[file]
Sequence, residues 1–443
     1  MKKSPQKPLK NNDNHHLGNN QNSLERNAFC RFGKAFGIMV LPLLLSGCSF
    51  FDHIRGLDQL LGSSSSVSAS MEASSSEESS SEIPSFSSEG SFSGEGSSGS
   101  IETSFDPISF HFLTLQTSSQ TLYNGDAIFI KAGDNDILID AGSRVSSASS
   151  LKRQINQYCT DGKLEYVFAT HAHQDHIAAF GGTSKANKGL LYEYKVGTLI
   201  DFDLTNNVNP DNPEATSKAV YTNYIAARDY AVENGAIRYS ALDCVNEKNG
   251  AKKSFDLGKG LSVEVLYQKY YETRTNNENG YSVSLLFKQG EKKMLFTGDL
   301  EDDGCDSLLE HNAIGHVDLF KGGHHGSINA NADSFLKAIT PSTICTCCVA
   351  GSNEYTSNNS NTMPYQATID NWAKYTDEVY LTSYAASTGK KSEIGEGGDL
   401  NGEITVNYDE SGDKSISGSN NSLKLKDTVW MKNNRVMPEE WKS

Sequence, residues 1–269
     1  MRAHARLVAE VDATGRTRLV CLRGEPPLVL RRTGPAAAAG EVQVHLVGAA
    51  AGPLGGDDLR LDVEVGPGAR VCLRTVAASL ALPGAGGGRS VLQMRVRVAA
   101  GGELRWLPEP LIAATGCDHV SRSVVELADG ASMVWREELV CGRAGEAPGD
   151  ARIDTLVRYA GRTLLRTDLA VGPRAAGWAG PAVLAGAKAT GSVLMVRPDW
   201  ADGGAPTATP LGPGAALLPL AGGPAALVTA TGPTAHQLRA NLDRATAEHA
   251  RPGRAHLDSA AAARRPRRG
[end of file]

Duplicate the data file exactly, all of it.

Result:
Sequence, residues 1–443
     1  MKKSPQKPLK NNDNHHLGNN QNSLERNAFC RFGKAFGIMV LPLLLSGCSF
    51  FDHIRGLDQL LGSSSSVSAS MEASSSEESS SEIPSFSSEG SFSGEGSSGS
   101  IETSFDPISF HFLTLQTSSQ TLYNGDAIFI KAGDNDILID AGSRVSSASS
   151  LKRQINQYCT DGKLEYVFAT HAHQDHIAAF GGTSKANKGL LYEYKVGTLI
   201  DFDLTNNVNP DNPEATSKAV YTNYIAARDY AVENGAIRYS ALDCVNEKNG
   251  AKKSFDLGKG LSVEVLYQKY YETRTNNENG YSVSLLFKQG EKKMLFTGDL
   301  EDDGCDSLLE HNAIGHVDLF KGGHHGSINA NADSFLKAIT PSTICTCCVA
   351  GSNEYTSNNS NTMPYQATID NWAKYTDEVY LTSYAASTGK KSEIGEGGDL
   401  NGEITVNYDE SGDKSISGSN NSLKLKDTVW MKNNRVMPEE WKS

Sequence, residues 1–269
     1  MRAHARLVAE VDATGRTRLV CLRGEPPLVL RRTGPAAAAG EVQVHLVGAA
    51  AGPLGGDDLR LDVEVGPGAR VCLRTVAASL ALPGAGGGRS VLQMRVRVAA
   101  GGELRWLPEP LIAATGCDHV SRSVVELADG ASMVWREELV CGRAGEAPGD
   151  ARIDTLVRYA GRTLLRTDLA VGPRAAGWAG PAVLAGAKAT GSVLMVRPDW
   201  ADGGAPTATP LGPGAALLPL AGGPAALVTA TGPTAHQLRA NLDRATAEHA
   251  RPGRAHLDSA AAARRPRRG